Mark Bradley

Mark Bradley is a sports columnist and blogger for The Atlanta Journal-Constitution

Why Tech needed to move on: Roof’s ceiling wasn’t high enough


Paul Johnson is hard on defensive coordinators. He’s about to hire his fifth (assuming we count Charles Kelly, interim guy) in a decade, and no Georgia Tech season is complete without the head coach griping about his defense. Even after the high-water mark of 2014, when the Yellow Jackets finished 11-3, he’d note that his defenders had yielded a record number of Orange Bowl yards. 

Still, mounting a defense, pun intended, for the outbound Ted Roof isn’t easy. If we go by Brian Fremeau’s defensive efficiency rankings on Football Outsiders, here’s where his men ranked over his five seasons under Johnson – 77th, 70th, 62nd, 94th and 64th. We use efficiency rankings because total defense measures yards gained, which can flatter Tech because Johnson’s offense tends to move slowly and leave fewer plays for the opponent. 

Tech’s defense improved on third down this year, which is never a bad thing, but it was terrible in end-of-half/game situations, which is almost always a bad thing. The Jackets scored a touchdown 48 seconds before halftime to cut Georgia’s lead to 14-7; the Bulldogs led 17-7 by the time the teams adjourned to their locker rooms. “I used as much time as I could,” Johnson said afterward.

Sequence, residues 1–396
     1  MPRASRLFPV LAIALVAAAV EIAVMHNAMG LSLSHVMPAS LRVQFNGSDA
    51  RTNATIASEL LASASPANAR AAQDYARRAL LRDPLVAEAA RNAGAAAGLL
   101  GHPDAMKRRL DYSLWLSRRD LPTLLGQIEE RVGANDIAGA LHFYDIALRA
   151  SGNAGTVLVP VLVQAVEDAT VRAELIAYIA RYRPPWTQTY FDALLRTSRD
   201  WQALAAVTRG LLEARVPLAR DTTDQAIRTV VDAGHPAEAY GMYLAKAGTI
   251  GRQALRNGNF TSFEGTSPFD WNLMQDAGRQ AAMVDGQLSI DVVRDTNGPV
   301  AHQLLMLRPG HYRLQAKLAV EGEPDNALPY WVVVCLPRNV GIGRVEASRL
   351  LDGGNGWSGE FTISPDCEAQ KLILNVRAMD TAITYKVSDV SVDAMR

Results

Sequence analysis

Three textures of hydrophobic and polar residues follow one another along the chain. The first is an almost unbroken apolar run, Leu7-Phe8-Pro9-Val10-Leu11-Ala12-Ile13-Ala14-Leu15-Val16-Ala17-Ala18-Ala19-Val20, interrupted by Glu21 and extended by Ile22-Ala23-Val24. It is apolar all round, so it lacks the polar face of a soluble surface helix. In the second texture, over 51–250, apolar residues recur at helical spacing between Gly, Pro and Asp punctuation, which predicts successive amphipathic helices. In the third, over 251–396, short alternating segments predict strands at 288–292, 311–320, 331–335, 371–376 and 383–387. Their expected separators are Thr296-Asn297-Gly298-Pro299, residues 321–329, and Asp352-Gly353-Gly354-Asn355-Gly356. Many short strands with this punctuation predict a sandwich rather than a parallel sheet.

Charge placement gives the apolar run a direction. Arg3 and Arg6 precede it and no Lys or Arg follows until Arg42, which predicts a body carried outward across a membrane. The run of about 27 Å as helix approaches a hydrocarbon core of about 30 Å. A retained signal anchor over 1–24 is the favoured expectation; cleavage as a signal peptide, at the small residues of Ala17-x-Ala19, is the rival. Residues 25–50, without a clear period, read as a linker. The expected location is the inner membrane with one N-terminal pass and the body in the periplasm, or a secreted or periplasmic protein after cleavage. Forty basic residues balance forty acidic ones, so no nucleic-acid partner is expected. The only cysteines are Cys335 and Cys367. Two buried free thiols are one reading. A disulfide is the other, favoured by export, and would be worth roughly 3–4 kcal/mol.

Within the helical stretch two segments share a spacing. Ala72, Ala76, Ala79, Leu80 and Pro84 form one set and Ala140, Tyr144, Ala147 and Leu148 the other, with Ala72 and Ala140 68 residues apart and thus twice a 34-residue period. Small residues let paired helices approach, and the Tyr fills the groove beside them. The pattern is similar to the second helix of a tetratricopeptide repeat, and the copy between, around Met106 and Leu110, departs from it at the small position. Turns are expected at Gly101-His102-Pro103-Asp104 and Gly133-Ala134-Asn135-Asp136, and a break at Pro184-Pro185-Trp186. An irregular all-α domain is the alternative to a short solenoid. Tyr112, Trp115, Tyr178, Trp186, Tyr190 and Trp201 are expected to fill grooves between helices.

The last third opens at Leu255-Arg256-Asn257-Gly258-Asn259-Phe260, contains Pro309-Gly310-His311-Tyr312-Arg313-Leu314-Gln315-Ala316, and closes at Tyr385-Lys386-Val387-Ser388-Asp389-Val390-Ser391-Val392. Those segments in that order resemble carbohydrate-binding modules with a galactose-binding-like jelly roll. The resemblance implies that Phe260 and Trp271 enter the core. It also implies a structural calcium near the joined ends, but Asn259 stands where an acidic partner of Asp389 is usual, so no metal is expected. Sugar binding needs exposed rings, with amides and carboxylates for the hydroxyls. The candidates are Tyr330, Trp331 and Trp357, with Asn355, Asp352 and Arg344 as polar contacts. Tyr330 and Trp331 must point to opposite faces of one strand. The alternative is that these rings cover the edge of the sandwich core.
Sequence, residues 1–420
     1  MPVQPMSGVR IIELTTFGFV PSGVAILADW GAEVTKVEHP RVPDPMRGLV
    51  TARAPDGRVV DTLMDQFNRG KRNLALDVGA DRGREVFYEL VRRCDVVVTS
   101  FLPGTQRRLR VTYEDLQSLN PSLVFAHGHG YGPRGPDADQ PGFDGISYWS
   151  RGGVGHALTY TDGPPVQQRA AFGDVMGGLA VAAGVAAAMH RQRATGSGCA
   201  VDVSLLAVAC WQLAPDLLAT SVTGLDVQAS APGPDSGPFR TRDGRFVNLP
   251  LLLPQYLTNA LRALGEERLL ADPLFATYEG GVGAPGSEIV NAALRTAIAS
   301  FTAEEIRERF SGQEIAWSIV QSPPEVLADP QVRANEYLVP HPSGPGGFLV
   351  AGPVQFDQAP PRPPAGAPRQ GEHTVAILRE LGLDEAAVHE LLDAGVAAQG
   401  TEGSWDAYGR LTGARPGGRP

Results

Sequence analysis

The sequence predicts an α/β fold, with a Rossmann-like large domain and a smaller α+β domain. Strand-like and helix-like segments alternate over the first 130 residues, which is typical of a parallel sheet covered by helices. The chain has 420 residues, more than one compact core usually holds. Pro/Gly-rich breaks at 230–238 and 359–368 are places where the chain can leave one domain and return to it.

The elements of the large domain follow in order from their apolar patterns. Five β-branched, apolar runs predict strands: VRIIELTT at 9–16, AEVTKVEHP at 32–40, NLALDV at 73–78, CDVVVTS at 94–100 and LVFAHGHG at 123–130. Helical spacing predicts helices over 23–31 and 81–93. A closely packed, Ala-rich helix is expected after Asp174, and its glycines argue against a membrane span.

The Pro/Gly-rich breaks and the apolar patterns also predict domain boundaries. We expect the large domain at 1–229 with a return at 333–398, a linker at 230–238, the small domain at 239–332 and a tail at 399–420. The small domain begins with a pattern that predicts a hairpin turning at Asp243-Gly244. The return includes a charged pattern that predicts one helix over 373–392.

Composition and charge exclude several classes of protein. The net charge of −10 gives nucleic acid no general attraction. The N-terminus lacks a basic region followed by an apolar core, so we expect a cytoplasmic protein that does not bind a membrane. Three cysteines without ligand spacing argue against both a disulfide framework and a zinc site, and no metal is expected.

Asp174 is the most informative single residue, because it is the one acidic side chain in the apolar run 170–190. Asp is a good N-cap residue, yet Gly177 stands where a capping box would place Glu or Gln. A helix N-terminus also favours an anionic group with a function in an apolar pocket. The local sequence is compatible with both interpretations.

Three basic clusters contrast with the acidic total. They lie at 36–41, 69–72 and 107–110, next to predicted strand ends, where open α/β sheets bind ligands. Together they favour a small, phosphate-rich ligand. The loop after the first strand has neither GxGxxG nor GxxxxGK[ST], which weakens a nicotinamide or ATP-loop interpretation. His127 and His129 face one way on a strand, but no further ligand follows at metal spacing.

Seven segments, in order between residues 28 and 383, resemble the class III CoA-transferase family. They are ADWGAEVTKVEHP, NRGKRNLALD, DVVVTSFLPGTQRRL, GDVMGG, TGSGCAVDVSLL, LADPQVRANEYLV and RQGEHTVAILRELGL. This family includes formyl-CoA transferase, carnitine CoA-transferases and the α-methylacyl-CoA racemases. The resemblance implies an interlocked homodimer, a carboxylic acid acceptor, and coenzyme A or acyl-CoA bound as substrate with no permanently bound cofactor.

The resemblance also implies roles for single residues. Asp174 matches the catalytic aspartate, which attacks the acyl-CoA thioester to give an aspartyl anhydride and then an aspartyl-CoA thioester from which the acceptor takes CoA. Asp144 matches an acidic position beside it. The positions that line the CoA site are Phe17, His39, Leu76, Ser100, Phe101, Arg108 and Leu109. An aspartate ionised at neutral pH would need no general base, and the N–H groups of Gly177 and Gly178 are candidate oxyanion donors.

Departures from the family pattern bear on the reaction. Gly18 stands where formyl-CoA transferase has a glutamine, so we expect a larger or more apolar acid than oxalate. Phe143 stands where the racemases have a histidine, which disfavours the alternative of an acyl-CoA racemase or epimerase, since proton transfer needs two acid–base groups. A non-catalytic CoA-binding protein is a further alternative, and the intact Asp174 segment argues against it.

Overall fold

The argument for Roof as a solid coordinator begins and ends with him having overseen Auburn’s defense in 2010, the year the Tigers won the national championship. But that team was 90 percent Cam Newton, a point underscored by Fremeau’s ratings. Of the past 10 titlists, nine ranked in the top 10 in defensive efficiency; in 2010, Auburn ranked 34th. 

I’ll concede that Johnson never makes it easy on his defense. He goes for it on fourth down in places no other coach would even consider such a risk. He cares little for field-position football. He’ll defend – the pun is hereby belabored – his offense’s stats until the cows come home, but any praise for defenders is issued through gritted teeth. This program is based around the offense he designed, and sometimes you wonder if he cares more about Georgia Tech racking up yardage than he does Georgia Tech winning. 

But you can’t watch Tech lose 42-41 to a Tennessee team that would go 0-8 in SEC play and not believe that the defensive issues remain systemic. Lest we forget, Tech’s two biggest regular-season victories with Roof as DC came in Athens: In the first, Georgia scored a touchdown to nose ahead with 18 seconds remaining; in the second, Tech’s winning score came after an interception that bounced off a Bulldog receiver. Even on the best of days, there wasn’t much stopping being done. 

North Carolina State announced Friday that Roof had been hired as co-defensive coordinator, which was surely Johnson’s way of saying, “I didn’t push him; he jumped.” But theirs was a partnership – not nearly an equal partnership, we stipulate – that had lasted five years, or half Johnson’s time here. For the sake of both parties, it was time to move on. 

Yes, they’d won an Orange Bowl together. They’d won it on a night Mississippi State gained 605 yards.


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About the Author

Mark Bradley is a sports columnist and blogger for The Atlanta Journal-Constitution. He has been with the AJC since 1984.